So, vaccines given to humans are perfectly safe, vaccines given to animals are dangerous to humans if taken accidentally, but ingesting livestock vaccine ingredients randomly is acceptable.

Self-injection with veterinary vaccines is an occupational hazard for farmers and veterinary surgeons. Injection of vaccine into a closed compartment such as the human finger can have serious sequelae including loss of the injected digit. These injuries are not to be underestimated. Early debridement and irrigation of the injected area with decompression is likely to give the best outcome. Frequent review is necessary after the first procedure because repeat operations may be required.” – NCBI

We don’t value the life of livestock the way we do humans. This is why they get differing grades for feed. But beyond the stray injection or accidental interaction suffered by a handler, no one is being exposed to these vaccines. Except when we ingest the meat. The same with antibiotics being fed to farm animals. We were told that we didn’t have to worry about those… but now we have microbial revolution consisting of antibiotic resistant superbugs we are unprepared to deal with.

The extent to which veterinary vaccines pose a health hazard to humans is unclear. The increased use of veterinary vaccines may be accompanied by an increase in human exposure to the vaccine strains, thus increasing the potential for adverse effects. Also, new methods of vaccine administration may result in an increased likelihood of inadvertent exposure. For example, increased use of aerosol administration may result in greater human exposure to animal vaccines. For some animal vaccines, such as those administered to prevent “kennel cough” in dogs, aerosol administration is becoming the preferred route. Also, oral administration of vaccines that contain live agents is becoming more common. Orally administered vaccines have been developed for rabies prophylaxis in wildlife, and millions of baits have been distributed. The administration of live vaccines to animals destined for the human food supply may result in human exposure to a vaccine strain. Illness subsequent to such an exposure is unlikely to be recognized by the patient or the physician as a potential consequence of an animal vaccine exposure.” – Oxford Academic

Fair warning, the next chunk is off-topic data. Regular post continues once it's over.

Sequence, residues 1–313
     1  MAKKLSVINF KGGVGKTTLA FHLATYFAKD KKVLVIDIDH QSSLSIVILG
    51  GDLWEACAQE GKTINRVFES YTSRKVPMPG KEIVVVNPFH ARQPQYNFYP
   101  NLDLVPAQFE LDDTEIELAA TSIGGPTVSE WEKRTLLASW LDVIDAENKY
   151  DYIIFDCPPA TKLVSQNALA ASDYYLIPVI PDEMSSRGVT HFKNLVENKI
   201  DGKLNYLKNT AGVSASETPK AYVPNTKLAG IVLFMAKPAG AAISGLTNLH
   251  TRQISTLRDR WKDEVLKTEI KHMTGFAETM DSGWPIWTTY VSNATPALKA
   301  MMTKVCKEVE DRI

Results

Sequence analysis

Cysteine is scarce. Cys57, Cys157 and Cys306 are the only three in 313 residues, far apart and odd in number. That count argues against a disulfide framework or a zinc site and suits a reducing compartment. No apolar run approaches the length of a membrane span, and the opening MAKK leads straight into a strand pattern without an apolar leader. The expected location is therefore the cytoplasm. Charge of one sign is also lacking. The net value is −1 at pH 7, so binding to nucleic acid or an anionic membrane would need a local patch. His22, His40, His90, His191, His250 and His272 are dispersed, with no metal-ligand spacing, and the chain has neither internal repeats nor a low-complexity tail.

What’s a meat eater to do? My wife and I shop at the local farmers market. We know our vendors. They are the farmers. We buy ground beef for our dog and the farmer is about as fond of vaccines as we are. I recommend that everyone grow as much of their own food as they can and get to know everything about the people involved in growing and processing anything else you consume.